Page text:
Posted by: HAT | May 4, 2010

Parousia

10th coming of Vishnu

Kalki, by Nicholas Roerich
Kalki is the awaited 10th avatar of Vishnu who will bring to an end the present evil age

I am working on finishing the concluding chapter of this interminable and awful project today. I have found I have to work diligently to stop myself thinking about how really not good it is, and just keep working. In other words, it is down to the wire of Kantian duty. This practice is fairly devoid of joy.

One of my claims is that a form of messianic expectation surfaces in the work of all these authors. Weak messianic expectation, mind you!! (I’m borrowing from Walter Benjamin here, who says, and I quote,

The past carries with it a temporal index by which it is referred to redemption. There is a secret agreement between past generations and the present one. Our coming was expected on earth. Like every generation that preceded us, we have been endowed with a weak Messianic power, a power to which the past has a claim. That claim cannot be settled cheaply. Historical materialists are aware of that.

He says this in Thesis II on the Philosophy of History. A lot of stress needs to be put on that weak. I am not at all suggesting that these thinkers advance a form of messianic expectation that depends on any supernatural claims, or would take any kind of supernatural form, or would involve supernatural beings (this is in spite of Irigaray’s use of the term God; I just don’t believe she means it that way, though some might argue this point), or anything like that. So, not expectation of a “messiah” like one who shows up with a discernible sign of some sort (like 112 marks of perfection, or a lightning shaped scar on his or her forehead, “the whole world whispering, born at the right time,” or whatever). Not, that is, anyone other than the crooked timber on hand.

I am saying that they are working on finding a way to identify a defensible form of metaphysical experience — or maybe it would be more precise to say quasi-metaphysical — that permits efforts to work or create in the direction of “something other than the unspeakable world that is” to be not just making things up out of thin air with no idea of what one’s aiming at, but provide some non-arbitrary orientation. Something almost like trying to move in the direction of the good. But with a sizable degree of openness there, so as not to provide any scaffolding for some institutionalized or -izable group to lay claim to the exclusive knowledge of the good. Because having a person or group or superego like that, dictatorial and incorrigible, is a demonstrably bad thing, the very bottle we ought to be helping the fly to get out of.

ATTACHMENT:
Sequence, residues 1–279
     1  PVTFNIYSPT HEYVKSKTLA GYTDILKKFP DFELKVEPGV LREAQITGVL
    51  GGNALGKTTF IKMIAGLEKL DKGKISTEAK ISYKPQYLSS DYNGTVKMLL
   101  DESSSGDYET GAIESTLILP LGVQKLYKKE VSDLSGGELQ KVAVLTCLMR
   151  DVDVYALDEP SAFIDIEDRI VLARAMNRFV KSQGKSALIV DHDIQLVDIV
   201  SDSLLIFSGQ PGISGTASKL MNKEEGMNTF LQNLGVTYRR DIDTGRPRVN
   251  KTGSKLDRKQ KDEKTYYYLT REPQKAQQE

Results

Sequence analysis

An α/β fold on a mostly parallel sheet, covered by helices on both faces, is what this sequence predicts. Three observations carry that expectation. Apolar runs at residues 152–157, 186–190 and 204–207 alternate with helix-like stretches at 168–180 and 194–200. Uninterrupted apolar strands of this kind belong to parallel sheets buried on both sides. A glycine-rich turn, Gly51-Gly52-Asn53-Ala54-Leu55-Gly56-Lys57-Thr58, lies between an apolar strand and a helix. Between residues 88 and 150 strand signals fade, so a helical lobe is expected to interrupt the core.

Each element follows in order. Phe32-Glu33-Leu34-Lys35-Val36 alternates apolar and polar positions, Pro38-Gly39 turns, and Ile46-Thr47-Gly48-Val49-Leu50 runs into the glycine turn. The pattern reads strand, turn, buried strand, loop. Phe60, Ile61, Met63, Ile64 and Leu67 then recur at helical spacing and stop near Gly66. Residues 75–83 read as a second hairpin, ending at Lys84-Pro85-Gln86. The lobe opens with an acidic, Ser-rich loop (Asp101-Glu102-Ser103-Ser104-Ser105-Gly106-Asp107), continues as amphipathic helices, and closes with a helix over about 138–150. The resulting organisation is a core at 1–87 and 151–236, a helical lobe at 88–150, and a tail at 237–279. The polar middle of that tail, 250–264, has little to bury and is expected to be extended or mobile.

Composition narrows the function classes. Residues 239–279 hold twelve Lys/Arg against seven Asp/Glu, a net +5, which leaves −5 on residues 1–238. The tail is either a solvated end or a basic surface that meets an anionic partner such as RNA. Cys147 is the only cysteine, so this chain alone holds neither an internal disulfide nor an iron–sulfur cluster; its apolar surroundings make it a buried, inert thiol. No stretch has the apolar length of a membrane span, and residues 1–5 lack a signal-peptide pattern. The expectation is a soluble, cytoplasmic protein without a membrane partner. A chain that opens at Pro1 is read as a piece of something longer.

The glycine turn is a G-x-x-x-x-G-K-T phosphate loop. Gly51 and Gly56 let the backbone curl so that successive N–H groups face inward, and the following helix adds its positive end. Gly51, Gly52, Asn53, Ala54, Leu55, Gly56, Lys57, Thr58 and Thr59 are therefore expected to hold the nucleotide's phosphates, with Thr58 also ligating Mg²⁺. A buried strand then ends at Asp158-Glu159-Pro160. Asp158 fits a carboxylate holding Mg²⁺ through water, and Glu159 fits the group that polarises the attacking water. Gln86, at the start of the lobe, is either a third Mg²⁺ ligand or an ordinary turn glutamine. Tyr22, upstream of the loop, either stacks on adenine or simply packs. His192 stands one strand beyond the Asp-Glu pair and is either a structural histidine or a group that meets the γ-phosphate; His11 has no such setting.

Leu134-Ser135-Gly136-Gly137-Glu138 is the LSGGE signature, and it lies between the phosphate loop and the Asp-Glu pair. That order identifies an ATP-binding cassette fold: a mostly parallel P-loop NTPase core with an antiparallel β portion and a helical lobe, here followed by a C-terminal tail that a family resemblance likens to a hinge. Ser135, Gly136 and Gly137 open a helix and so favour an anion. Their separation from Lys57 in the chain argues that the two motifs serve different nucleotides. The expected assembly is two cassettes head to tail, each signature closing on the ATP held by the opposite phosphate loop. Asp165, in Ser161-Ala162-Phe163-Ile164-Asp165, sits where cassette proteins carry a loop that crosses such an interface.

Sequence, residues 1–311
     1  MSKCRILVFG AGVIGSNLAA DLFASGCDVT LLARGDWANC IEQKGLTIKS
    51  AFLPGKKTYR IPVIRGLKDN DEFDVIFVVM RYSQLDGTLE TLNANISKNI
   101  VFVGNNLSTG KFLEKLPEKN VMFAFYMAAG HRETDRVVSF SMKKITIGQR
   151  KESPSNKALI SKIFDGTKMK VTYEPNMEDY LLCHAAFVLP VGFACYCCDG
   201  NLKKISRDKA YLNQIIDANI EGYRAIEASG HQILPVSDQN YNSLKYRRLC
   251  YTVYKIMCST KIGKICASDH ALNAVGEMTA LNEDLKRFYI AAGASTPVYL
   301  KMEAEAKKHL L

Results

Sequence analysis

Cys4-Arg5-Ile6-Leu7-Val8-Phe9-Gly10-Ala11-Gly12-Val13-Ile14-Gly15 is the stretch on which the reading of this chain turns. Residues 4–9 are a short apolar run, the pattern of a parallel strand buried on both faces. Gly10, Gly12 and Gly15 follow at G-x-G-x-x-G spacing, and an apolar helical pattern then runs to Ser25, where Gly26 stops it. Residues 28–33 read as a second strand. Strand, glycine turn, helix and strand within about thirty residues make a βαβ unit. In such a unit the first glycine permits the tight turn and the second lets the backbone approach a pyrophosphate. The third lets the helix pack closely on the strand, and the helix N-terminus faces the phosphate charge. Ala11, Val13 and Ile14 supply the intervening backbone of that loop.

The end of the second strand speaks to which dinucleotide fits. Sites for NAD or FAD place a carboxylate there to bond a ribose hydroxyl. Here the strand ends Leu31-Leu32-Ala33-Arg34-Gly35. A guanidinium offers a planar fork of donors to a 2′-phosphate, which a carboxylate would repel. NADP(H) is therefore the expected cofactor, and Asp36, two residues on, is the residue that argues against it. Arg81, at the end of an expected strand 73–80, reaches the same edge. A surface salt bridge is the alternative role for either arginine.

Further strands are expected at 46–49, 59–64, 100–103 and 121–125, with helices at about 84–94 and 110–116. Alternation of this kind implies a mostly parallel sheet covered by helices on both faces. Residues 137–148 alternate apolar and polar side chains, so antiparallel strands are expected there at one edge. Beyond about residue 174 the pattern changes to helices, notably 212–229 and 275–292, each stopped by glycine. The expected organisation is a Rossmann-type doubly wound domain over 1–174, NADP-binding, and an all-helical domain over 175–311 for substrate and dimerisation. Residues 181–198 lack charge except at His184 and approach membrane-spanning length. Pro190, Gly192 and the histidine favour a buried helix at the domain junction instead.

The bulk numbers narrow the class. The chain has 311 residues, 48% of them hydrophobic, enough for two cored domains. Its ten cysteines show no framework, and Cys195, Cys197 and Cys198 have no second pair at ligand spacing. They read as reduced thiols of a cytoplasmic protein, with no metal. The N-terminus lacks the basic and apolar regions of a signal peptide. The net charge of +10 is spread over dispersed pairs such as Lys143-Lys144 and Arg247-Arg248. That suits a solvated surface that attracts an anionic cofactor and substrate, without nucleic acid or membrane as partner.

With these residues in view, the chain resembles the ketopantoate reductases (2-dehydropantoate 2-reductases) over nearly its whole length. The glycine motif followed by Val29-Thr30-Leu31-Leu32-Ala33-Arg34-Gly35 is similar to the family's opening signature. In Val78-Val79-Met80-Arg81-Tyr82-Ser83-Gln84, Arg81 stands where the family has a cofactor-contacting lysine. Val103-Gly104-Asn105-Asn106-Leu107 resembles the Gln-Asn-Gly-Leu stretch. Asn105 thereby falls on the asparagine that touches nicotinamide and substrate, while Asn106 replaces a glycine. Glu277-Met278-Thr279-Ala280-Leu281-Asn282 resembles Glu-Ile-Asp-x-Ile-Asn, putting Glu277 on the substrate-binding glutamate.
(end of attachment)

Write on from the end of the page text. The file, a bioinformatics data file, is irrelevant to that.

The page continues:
I don’t think I’m just making this up. Agamben wrote a book The Time That Remains that is all about a particular understanding of messianic time that is intrinsically linked to Benjamin’s comment, and to uncovering a link between Pauline and Benjaminian messianic expectation. Adorno at least has the notion of the messianic as an available category, or he would not have written at the end of Minima Moralia that the task of the moment is to regard everything as it will look in the “messianic light” of the redeemed world. This is precisely the impossible task of philosophy that it must nevertheless undertake. So, does Irigaray have an equally explicit statement along these lines? Probably the most accessible one is Ethics of Sexual Difference near the end of the section “Love of Other,” which she concludes with a subsection titled “Parousia,” and says

Does parousia correspond to the expectation of a future not only as a utopia or a destiny but also as a here and now, the willed construction of a bridge in the present between the past and the future?

She goes on to link the possible parousia of God to the parousia of “the other,” which for her is of course going to be the other of sexual difference. This is a well-known text of hers, where she also talks about the third age, the age of the spirit and the bride (straight out of Revelation, via Joachim de Fiore), as the one the advent of which we are awaiting. Her use of Pentecost imagery in this text is presumably linguistic (women, too, get to speak in tongues — “the language of their birth”, indeed). The messianic figure, in other words, is Irigaray’s woman-as-subject. Although the advent of the Irigarayan woman-as-subject is simultaneously the advent of man-as-subject and of the possibility of a fully human subjectivity, in contrast to the man-as-alleged-subject and woman-as-other-of-the-same that passes for human subjectivity in the current dystopian situation.

So, as I was looking for this text, to prove to myself I am not crazy, and also to find it for the purposes of citation (ESD, 147-150), I see that the grosbeak has returned! Along with not one but two more!!

I am not enough of a nihilist. (See Negative Dialectics, 380) The grosbeaks do not improve my text, or make the past year “worth it,” but I am happy to see them all the same.

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Responses

  1. […] been untouched since October, so as to liberate the surface of the desk. As luck would have it, the annual grosbeak chose this occasion to put in a welcome apearance. This may not be the same bird; he looks a little […]


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